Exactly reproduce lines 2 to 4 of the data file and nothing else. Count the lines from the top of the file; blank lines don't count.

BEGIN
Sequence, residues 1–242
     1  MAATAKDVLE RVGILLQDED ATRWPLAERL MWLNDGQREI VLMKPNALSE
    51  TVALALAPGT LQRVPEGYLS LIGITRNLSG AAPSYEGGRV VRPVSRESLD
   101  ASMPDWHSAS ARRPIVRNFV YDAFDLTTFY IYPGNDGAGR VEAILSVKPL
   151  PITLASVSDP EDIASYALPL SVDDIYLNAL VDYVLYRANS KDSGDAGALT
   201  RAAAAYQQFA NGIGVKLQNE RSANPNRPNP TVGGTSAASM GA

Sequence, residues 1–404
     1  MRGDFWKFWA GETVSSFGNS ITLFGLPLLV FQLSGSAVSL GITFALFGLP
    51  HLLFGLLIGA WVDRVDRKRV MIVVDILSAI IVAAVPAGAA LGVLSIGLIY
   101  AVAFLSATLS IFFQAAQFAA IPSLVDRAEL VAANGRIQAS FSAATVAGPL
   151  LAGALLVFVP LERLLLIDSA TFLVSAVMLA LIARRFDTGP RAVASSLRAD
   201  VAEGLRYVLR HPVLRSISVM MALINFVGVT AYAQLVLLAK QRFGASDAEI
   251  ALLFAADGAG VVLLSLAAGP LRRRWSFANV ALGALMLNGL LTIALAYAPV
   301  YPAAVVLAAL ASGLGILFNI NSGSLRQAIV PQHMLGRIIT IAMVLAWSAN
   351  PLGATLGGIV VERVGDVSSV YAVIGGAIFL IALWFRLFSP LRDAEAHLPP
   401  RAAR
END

     1  MAATAKDVLE RVGILLQDED ATRWPLAERL MWLNDGQREI VLMKPNALSE
    51  TVALALAPGT LQRVPEGYLS LIGITRNLSG AAPSYEGGRV VRPVSRESLD
   101  ASMPDWHSAS ARRPIVRNFV YDAFDLTTFY IYPGNDGAGR VEAILSVKPL